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Here’s How the Student Loan Landscape Has Changed Since 2013

Here’s How the Student Loan Landscape Has Changed Since 2013

The latest numbers on student loans were all too familiar: Outstanding debt hit another record and delinquency rates spiked in the third quarter, according to Federal Reserve data.

What has changed, however, is who is doing the lending. Five years ago, big banks like JPMorgan Chase & Co. and Bank of America were players in the student loan business.

Today, the government now makes about 90 percent of all student loans. Financial institutions in the S&P 500 have sliced their loans by $22.5 billion, or 35 percent, in the five years since 2013.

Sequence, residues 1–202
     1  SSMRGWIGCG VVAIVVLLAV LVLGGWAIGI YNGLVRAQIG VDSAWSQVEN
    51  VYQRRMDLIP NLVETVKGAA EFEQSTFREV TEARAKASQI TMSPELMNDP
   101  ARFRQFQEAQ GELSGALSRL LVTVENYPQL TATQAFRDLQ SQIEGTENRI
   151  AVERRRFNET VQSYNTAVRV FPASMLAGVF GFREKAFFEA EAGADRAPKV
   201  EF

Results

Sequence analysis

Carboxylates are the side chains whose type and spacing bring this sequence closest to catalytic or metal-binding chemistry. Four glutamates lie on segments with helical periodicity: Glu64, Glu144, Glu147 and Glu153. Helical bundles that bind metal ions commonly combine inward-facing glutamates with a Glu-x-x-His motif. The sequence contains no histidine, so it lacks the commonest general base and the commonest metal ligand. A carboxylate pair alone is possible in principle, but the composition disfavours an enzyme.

The switch was due to the financial crisis and a new law that allowed the government to directly lend to students. JPMorgan and Bank of America ended their student loan programs entirely, while banks such as Wells Fargo & Co. substantially cut them.

Private lenders haven’t disappeared. Discover Financial Services and regional banks like SunTrust Banks Inc. have stepped up their activity, offering loan consolidation or financing to students whose borrowing needs surpass the federal limit.

“Local regional banks tend to be willing to take on more risk,” said Mark Kantrowitz, vice president of research at Savingforcollege.com. “For the big banks, it was a small piece of their business that was easy to give up.”

— With assistance by Nicholas Zambrio, and Amanda English